Regular price: $24.47
Buy Now with 1 Credit
Buy Now for $24.47
TWENTY YEARS GO BY FAST WHEN YOUR DEAD
The high rating, vampires and the mention of sex, drew me to this book. It started out great. I grew up in the 70's and fashion wise it was a strange period. I wore tighter than tight clothes, polyester, platform shoes (they were burnt orange and brown), bell bottoms and lots of pastels. The county was still reeling from going from conservative sexual values to free love. I went to the theatre seven times to see Saturday Night Fever. Of course their was Star Wars and Disco. So, a lot of this was like a class reunion for me. If your not from that time period, I got to wonder how much you will get out of this.
No Plot, short stories, boring
I was mainly hoping for something on the wrong side of the tracks of acceptable. The overblown reviews had me believing that was what I was to expect. I should have known when the author starts out by telling us how dark the book was that I was in for boring. A good looking girl does not have to tell you she is good looking, you know. A scary off the wall type book does not have to announce it. First two hours were great, but the story had no plot, was not scary (with the exception of the children Vampires) and seemed like a bunch of short stories.
Hard core horror fans should skip this.
77 of 94 people found this review helpful
Any additional comments?
Let me preface this by saying, as a general rule, I don’t “do” contemporary vampire novels. To be honest, pop-culture has all-but ripped the fangs out of vampires. Few and far between are tales of these monstrous masters of the undead that are actually visceral and scary. I want my vampires to be frightening. I don’t want to fall in love with them. I want to be afraid of them, in those little cowering monkey-places that keep me scared of the dark. I picked this book up on a recommendation and I’m glad I did. Simply put, it is my favorite book of 2016 so far, and in the vein of “scary vampires” it’s a triumph that does not disappoint. Now, the rest of the story…
I picked up a copy of “The Lesser Dead” on Audible Audiobook and not only was it my favorite novel of 2016 to-date, it’s also one of the best audiobooks I’ve listened to in years. The book is narrated by the author Christopher Buehlman, and in my experience, authors generally give mediocre performances at best as narrators. Not so with Buehlman’s performance of The Lesser Dead. His characterization and dramatic performance is absolutely first rate. I’ll be comparing other audiobook performances to this one for a very long time to come.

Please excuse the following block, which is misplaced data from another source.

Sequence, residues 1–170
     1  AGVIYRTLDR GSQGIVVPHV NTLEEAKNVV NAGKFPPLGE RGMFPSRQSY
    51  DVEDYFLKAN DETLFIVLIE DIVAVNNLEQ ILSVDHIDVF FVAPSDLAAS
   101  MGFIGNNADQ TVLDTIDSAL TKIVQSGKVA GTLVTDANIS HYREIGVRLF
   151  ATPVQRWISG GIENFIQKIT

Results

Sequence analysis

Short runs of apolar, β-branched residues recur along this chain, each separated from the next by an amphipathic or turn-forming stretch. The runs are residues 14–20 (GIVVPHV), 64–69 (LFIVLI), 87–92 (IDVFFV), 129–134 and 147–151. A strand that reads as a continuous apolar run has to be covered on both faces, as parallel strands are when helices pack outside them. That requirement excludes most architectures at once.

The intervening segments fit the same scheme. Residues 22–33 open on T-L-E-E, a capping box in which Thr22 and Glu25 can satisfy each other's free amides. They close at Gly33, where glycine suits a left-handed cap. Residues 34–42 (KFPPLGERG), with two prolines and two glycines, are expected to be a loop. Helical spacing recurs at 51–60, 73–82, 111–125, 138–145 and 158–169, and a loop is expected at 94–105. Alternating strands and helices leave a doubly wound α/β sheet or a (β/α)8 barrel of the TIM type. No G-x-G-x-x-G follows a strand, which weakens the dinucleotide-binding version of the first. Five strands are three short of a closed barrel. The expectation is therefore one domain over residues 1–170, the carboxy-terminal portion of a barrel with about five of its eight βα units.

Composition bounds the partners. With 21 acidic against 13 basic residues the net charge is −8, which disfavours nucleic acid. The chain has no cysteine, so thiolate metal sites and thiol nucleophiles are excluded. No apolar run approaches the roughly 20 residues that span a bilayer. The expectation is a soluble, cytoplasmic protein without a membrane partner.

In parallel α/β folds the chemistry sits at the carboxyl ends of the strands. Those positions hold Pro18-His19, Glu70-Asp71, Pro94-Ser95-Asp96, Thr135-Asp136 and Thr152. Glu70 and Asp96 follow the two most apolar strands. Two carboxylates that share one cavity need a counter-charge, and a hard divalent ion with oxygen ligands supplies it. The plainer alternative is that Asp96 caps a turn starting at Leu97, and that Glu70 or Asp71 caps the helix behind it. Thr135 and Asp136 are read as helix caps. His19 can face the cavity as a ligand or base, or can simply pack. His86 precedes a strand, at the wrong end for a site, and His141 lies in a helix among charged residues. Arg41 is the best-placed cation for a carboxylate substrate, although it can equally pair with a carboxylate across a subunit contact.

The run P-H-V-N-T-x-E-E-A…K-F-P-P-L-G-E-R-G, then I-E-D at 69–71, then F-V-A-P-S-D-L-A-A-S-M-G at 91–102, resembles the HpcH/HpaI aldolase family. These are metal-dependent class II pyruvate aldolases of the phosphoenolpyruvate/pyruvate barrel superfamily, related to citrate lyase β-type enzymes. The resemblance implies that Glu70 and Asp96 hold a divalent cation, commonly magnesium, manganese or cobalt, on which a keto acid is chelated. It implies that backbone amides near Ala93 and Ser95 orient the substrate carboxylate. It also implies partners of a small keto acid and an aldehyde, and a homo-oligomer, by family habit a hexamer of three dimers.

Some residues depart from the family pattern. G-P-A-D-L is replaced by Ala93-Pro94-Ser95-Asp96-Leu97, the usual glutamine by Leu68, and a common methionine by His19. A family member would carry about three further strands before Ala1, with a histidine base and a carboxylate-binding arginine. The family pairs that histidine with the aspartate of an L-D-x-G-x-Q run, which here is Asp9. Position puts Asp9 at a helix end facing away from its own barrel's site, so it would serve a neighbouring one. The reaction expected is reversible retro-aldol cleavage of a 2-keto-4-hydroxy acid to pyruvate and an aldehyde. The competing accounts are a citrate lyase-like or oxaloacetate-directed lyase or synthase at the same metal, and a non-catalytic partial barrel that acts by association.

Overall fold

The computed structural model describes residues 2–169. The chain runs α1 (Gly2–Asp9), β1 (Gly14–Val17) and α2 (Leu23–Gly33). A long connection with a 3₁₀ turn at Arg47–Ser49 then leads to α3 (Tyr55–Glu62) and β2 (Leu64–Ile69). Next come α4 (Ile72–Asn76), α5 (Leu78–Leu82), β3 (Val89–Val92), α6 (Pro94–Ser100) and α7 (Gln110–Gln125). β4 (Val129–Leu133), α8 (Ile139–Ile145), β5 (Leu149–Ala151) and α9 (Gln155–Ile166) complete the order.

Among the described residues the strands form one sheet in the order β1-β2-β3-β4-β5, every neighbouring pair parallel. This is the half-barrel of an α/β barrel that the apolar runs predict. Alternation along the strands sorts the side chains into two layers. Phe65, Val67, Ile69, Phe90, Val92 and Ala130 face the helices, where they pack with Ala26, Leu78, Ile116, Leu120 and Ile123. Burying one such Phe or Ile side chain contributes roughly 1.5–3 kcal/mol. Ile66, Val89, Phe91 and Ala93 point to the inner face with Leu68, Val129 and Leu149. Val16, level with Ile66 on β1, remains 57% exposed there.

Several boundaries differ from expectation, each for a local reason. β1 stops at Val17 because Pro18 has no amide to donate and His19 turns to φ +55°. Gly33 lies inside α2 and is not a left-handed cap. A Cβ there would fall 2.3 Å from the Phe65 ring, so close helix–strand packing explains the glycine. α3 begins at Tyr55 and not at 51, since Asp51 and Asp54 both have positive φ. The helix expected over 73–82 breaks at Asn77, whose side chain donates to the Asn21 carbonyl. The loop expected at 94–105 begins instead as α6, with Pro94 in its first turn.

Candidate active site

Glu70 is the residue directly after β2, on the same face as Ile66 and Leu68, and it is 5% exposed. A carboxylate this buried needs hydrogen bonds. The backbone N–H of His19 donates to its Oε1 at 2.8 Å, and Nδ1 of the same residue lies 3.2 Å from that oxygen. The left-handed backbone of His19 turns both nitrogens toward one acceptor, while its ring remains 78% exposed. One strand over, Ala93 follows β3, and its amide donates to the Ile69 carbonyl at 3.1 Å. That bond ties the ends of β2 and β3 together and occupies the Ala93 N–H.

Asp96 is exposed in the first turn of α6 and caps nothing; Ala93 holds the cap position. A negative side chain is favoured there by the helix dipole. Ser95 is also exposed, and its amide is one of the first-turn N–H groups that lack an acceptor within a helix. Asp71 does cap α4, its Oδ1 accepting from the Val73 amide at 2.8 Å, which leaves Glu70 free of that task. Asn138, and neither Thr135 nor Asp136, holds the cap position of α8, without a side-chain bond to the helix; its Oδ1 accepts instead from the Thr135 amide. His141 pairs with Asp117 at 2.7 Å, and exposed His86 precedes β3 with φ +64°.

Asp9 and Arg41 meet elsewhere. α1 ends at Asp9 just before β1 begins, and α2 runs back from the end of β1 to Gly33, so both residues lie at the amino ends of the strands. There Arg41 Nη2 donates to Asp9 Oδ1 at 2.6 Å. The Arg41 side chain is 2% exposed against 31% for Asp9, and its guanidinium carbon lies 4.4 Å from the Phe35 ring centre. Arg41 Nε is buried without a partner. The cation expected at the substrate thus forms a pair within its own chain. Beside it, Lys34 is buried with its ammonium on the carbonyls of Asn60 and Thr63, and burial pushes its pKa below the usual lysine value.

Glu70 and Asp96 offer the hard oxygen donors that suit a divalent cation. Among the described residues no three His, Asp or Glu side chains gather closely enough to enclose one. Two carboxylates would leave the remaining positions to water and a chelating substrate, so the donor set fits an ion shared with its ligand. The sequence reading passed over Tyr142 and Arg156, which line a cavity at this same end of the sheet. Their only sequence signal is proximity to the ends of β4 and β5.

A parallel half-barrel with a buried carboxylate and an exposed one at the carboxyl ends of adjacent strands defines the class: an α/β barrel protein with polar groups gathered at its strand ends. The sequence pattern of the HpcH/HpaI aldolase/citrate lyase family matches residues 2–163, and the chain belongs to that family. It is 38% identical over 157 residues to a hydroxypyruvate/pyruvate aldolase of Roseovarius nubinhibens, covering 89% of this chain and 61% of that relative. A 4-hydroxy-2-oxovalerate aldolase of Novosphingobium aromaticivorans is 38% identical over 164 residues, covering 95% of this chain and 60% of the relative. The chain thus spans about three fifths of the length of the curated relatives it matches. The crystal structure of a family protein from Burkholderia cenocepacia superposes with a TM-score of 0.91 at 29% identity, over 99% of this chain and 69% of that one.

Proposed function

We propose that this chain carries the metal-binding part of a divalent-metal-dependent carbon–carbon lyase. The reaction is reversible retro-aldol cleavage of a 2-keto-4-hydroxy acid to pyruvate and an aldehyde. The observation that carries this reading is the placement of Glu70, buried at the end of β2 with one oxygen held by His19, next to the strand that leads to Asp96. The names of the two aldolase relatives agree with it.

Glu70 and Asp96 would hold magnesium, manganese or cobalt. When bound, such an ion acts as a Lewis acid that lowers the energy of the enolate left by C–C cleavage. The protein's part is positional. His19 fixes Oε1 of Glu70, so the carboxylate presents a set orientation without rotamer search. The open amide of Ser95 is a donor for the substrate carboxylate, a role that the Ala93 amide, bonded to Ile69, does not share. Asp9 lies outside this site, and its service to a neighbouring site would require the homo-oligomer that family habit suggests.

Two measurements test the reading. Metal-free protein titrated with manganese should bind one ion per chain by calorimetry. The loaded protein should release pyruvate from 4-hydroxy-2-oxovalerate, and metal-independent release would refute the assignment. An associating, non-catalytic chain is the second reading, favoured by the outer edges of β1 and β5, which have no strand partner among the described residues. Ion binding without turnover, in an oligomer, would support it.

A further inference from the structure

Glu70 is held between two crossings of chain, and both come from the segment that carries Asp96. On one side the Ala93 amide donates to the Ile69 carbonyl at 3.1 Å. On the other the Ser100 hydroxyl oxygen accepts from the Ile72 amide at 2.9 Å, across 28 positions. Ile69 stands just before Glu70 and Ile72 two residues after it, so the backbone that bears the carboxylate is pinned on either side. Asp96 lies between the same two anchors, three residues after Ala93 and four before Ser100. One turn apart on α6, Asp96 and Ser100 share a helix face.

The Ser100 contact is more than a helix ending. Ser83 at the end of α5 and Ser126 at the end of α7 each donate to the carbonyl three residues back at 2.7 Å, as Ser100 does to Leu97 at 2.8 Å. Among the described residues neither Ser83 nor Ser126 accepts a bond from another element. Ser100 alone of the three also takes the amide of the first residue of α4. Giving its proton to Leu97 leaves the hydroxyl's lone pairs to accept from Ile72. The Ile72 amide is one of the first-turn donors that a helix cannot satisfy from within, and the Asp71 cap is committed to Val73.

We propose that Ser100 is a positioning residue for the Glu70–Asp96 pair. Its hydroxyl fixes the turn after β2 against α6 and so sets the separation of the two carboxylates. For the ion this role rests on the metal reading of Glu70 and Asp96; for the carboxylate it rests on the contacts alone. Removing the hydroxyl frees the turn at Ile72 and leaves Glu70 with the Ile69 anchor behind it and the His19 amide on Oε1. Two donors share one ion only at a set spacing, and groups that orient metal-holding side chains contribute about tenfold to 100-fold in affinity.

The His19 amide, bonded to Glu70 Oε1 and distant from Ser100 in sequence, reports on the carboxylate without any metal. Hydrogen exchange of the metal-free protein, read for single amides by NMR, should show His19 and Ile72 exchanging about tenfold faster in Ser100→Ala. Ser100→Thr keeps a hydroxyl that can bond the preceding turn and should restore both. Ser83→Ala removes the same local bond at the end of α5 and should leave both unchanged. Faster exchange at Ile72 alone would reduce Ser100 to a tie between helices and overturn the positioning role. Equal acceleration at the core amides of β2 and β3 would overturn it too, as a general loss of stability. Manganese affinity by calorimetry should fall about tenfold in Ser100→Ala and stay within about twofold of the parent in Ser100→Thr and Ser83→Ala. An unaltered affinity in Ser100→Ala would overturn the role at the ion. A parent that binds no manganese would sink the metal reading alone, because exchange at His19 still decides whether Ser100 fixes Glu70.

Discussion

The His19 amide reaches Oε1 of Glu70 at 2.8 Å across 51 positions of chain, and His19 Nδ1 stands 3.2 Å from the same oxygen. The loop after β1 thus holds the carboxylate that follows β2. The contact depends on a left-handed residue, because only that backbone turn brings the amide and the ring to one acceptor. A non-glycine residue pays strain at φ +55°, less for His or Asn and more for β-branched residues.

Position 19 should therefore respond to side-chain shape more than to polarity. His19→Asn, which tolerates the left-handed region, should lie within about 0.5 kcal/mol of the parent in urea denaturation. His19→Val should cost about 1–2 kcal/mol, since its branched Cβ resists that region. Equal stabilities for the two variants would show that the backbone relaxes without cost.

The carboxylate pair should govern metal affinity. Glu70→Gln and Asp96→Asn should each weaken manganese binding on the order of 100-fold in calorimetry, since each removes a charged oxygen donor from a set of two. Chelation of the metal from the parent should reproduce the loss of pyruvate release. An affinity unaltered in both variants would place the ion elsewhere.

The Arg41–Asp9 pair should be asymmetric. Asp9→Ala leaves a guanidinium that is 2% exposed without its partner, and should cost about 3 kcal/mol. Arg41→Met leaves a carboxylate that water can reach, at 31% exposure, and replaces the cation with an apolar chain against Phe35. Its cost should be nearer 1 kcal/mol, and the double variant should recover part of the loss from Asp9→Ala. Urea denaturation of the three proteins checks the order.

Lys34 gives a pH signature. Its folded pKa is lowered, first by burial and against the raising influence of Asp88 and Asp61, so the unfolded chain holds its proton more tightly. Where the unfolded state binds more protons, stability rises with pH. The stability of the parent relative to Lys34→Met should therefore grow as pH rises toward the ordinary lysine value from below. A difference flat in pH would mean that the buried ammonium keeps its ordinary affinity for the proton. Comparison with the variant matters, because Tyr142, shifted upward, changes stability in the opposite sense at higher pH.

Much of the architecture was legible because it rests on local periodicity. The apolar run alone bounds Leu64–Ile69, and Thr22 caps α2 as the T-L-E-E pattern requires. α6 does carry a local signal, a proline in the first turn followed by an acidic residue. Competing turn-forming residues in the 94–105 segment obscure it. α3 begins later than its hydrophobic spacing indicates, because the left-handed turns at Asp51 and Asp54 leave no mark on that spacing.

The story itself hit two personal home-runs for me right out of the gate.
First, the vampires were scary. Dark, hungry, scary things that lived and hunted in the shadows of New York. And much to my joy, the only got scarier as the book went along. Which, frankly, was a hell of an accomplishment on the part of Buehlman. More than that though, the characters themselves, the people they’d been in life and the creatures they became in undeath, they were refreshingly, and even at times, upsettingly real. These weren’t all pampered little whitebread vampiric offspring of thoughtful doctors and upper middle class souls. Most of them had raw, dirty, and utterly believable origins. Buehlman did a phenomenal job of bringing the lives they had lived (while living) into their existence as vampires in the underworld ruins of New York City.
Second, it was a period piece, and a masterfully done one at that, set in one of my favorite, iconic settings – 1970s New York. Buehlman’s narrative of New York was alive with the sights, sounds, and smells of the city’s late Sodom and Gamora period. The dirty New York from the ’70s people prefer to talk about in the past-tense.
Remember when I said that Buehlman’s vampires only get scarier as the book goes along? I mean it. Follow the blood flowing in the cracks and gutters to the very end, and I promise you, your skin will crawl while the Rolling Stones “Sympathy For The Devil” echoes in your head. Don’t trust the children…
A solid-gold 5 out of 5 star read. A glorious, nasty reminder of why you fear the dark…
3 of 3 people found this review helpful